In conclusion, we quote the head of a leading gem lab: "To be sure, there are many truly fine jewelers and scrupulously honest jewelry business people. They're just harder to find. The phony "Sales," the deliberately inflated grading, inflated value reports and inflated appraisals, the lack of product knowledge, the lack of financial opportunity in professional retail sales staff, will continue to erode consumer confidence in diamonds and fine jewelry — not conflict diamonds."
FOR AGENTS & UNDERWRITERS
Canadian diamonds are sometimes advertised as an alternative to conflict diamonds. Although this can be persuasive marketing, it does not make the diamond more valuable. A diamond's value depends on its qualities, which should be detailed on the appraisal.
Ideally, the appraisal on file will contain a complete description of the piece.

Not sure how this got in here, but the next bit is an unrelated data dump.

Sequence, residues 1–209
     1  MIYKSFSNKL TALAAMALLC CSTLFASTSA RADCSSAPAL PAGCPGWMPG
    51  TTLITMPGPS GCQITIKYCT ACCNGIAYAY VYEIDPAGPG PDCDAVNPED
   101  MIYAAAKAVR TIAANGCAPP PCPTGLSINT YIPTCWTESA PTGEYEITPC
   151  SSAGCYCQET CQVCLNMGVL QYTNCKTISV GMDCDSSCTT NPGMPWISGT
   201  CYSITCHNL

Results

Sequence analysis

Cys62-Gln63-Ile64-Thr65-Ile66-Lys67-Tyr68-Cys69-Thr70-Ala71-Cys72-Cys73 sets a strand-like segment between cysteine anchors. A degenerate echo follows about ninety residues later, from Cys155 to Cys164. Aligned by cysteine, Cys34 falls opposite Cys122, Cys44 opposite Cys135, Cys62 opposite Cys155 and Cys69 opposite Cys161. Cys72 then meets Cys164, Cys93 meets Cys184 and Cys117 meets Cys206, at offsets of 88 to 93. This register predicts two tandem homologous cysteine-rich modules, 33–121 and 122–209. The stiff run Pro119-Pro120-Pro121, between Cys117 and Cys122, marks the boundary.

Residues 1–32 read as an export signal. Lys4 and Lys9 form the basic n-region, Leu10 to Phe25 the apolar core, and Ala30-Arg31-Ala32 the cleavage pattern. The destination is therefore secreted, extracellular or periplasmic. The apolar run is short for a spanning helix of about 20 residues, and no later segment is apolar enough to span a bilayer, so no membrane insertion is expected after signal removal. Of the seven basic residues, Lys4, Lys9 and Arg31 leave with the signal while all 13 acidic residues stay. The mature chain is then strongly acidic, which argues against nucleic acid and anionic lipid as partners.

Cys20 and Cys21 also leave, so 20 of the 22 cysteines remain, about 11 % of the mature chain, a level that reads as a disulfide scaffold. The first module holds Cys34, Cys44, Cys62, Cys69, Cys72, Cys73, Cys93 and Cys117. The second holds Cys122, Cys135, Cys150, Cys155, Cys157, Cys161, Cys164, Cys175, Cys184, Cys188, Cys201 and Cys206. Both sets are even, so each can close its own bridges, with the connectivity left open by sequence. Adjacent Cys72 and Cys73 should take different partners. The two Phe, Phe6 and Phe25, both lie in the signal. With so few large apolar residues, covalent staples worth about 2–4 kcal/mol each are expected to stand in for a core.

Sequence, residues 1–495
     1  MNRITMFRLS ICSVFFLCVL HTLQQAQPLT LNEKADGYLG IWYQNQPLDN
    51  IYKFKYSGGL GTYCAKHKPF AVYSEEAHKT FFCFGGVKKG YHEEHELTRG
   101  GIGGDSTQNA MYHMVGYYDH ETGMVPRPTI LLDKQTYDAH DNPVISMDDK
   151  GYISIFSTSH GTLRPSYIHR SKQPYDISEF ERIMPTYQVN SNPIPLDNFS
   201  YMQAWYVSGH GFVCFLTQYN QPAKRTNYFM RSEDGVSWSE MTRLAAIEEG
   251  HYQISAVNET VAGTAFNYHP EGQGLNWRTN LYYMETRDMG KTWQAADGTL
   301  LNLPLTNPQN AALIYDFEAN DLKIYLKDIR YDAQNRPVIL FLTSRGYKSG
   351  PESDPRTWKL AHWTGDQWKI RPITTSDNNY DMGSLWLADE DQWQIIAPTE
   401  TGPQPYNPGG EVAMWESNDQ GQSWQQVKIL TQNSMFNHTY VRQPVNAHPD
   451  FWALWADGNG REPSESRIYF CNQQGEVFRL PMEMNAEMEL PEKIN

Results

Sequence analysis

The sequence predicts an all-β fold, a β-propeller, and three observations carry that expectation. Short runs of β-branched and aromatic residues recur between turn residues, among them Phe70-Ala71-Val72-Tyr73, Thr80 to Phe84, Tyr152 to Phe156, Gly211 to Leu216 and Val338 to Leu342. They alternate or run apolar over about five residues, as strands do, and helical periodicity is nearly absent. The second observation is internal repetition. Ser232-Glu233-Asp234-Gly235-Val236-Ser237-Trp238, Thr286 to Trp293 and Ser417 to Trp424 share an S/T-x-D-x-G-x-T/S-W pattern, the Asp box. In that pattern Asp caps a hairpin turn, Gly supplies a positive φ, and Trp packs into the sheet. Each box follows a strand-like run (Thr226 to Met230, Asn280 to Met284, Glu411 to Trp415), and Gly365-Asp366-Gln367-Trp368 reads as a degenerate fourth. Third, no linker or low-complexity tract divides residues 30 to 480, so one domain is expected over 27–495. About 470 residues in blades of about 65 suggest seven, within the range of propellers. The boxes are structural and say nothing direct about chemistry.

If you are not working with a JISO 78/79 appraisal or a JISO 805 sales receipt, use JISO 18 to analyze the data you have from the existing appraisal and other documents. An insurer's expert working on your behalf can help supply more information about valuation.
Brand name information may prove useful, since some companies and sellers are known for the quality of their merchandise.
Always have damaged jewelry examined by an impartial jeweler to verify truth of the appraisal descriptions and valuation.
Rely on your own jewelry expert to estimate cost of repair or replacement. Do not blindly accept the bid of the selling jeweler.
On February 4, federal agents arrested two men on charges of smuggling illicit rough diamond into the country. The tip-off happened when one of the men approached an undercover agent at the American Gem Trade Association’s GemFair, saying he had diamond rough for sale and was expecting another shipment.
At their Tuscon hotel room, the two men sold the undercover agent a seven-carat uncut diamond for $15,000. Agents then searched the hotel room and found 11,000 carats of uncut diamond, apparently brought into the U.S. in violation of the 2003 Clean Diamond Trade Act.